Concessions are initially issued by means of a Convention provisoire d’exploitation. This provisional exploitation contract has a maximum duration of three years, and is not renewable. Within the three years after issuance of the provisional contract, the winner or owner of the concession must develop an inventory, a harvesting schedule and a 30-year management plan which is revised after every 5 years. This management plan needs to be approved by MINFOF. The management plan divides the area into various zones, including conservation and production. Additionally, the area is split into 30 annual harvest blocks (Assiettes Annuelles de Coupe - AAC).
Once the owner of the provisional exploitation contract has fulfilled its obligations, the Directorate of Forests issues a certificate of conformity (Attestation de conformité aux clauses de la convention provisoire d’exploitation) with the specifications of the provisional exploitation contract. The owner can then apply for a permanent or final exploitation contract (Convention définitive d’exploitation), which has a validity of 15 years renewable once. The final exploitation contract takes the form of a forest concession.
Before commencing harvest an annual operating plan is prepared by the company for the annual block of harvest (AAC), which is, together with a set of other documents, submitted to the Directorate of Forests for verification and approval. After approval the authorities issue a logging permit (Certificat annuel d’assiette de coupe) specifying the details of the allowed harvest, including volume and species. Additionally, the concessionaire needs to obtain an annual operating permit from the Directorate of Forests (Permis Annuel des Opérations - PAO).
Communities do not need detailed management plans, but they must obtain an Annual Exploitation Certificate (Certificat Annuel d’Exploitation) from the Directorate of Forests based on a Simple Management Plan.
Harvested logs need to be recorded in a worksite book (Carnet de chantier - DF10) for the specific forest management unit (UFA) and harvest block (AAC) the species, log dimensions and the corresponding barcode on a daily basis. This worksite book needs to be signed off by the authorities, who use it for determination of harvest tax. For the transport of the logs a waybill (Lettre de voiture - grumes) is used, which need to be signed of by the authorities. The details of the transported logs on this waybill need to correspond with the details in the worksite book.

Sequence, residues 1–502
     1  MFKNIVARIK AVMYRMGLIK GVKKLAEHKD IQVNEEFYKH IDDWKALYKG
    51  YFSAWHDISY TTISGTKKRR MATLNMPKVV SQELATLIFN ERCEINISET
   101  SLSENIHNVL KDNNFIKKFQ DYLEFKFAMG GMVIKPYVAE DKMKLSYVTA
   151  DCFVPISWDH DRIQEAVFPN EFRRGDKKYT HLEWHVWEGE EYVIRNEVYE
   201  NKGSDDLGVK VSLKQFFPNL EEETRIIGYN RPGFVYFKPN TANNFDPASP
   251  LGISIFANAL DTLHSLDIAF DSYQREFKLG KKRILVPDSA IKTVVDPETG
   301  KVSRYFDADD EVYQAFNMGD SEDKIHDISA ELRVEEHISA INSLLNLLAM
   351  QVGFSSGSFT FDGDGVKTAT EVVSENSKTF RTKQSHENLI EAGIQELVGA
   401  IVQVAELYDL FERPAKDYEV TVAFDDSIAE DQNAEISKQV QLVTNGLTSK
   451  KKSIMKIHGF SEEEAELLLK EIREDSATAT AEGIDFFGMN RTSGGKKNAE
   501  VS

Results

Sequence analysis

Logs received by the processing facility are recorded in a secure Factory Wood Entry Register (Carnet d’entrée usine) which must be regularly submitted to the authorities as it is used to determine the sawmill entry tax. Processing facilities need to be in the possession of a Certificat d’enregistrement en qualité de transformateur de bois, demonstrating their legal existence as processing facility. Processed timber is transported using a waybill for processed timber (Lettre de Voiture – Débités). In order to export timber the exporter needs to be in the possession of an export authorisation (Autorisation d’exportation de bois – AEB) covering the specific batch.
The below listed key documents are based on the applicable legislation and are considered to play a key role in demonstrating legal origin. The full list of applicable legislation is accessible here (NEPCon).
Processing and Trade
Bans and quota
There is an export ban in place for exports of logs of the following species:
- Acajou (Khaya anthotheca)
- Afrormosia (Pericopsis elata)
- Aningré (Aningeria altissima)
- Bété (Mansonia altissima)
- Bossé (Guarea cedrata)
- Bubinga (Guibourtia tessmannii; Guibourtia demeusei)
- Dibétou (Lovoa trichiliodes)
- Douka (Tieghemella heckelii; Tieghemella africana)
- Fromager (Ceiba pentandra)
- Ilomba (Pycnanthus angolensis)
- Iroko (Milicia excelsa)
- Longhi (Gambeya spp.)
- Moabi (Baillonella toxiperma)
- Movingui (Distemonanthus benthamianus)